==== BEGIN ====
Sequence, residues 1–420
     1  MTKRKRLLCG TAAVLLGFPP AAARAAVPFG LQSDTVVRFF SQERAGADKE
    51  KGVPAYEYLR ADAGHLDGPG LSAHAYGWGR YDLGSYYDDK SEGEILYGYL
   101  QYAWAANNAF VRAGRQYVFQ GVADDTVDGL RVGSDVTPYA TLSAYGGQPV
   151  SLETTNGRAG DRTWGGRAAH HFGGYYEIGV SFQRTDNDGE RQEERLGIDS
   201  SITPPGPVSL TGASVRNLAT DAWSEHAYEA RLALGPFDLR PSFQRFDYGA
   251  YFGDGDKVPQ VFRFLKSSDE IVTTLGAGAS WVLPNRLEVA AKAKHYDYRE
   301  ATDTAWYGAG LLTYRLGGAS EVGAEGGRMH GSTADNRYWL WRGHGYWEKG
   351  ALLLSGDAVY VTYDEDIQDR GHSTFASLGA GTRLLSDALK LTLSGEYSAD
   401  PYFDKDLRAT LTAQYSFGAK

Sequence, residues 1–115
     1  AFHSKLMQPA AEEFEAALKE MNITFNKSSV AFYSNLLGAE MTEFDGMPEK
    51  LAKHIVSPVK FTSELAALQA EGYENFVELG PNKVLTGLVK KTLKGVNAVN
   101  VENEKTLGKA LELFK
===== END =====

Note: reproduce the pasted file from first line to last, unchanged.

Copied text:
Sequence, residues 1–420
     1  MTKRKRLLCG TAAVLLGFPP AAARAAVPFG LQSDTVVRFF SQERAGADKE
    51  KGVPAYEYLR ADAGHLDGPG LSAHAYGWGR YDLGSYYDDK SEGEILYGYL
   101  QYAWAANNAF VRAGRQYVFQ GVADDTVDGL RVGSDVTPYA TLSAYGGQPV
   151  SLETTNGRAG DRTWGGRAAH HFGGYYEIGV SFQRTDNDGE RQEERLGIDS
   201  SITPPGPVSL TGASVRNLAT DAWSEHAYEA RLALGPFDLR PSFQRFDYGA
   251  YFGDGDKVPQ VFRFLKSSDE IVTTLGAGAS WVLPNRLEVA AKAKHYDYRE
   301  ATDTAWYGAG LLTYRLGGAS EVGAEGGRMH GSTADNRYWL WRGHGYWEKG
   351  ALLLSGDAVY VTYDEDIQDR GHSTFASLGA GTRLLSDALK LTLSGEYSAD
   401  PYFDKDLRAT LTAQYSFGAK

Sequence, residues 1–115
     1  AFHSKLMQPA AEEFEAALKE MNITFNKSSV AFYSNLLGAE MTEFDGMPEK
    51  LAKHIVSPVK FTSELAALQA EGYENFVELG PNKVLTGLVK KTLKGVNAVN
   101  VENEKTLGKA LELFK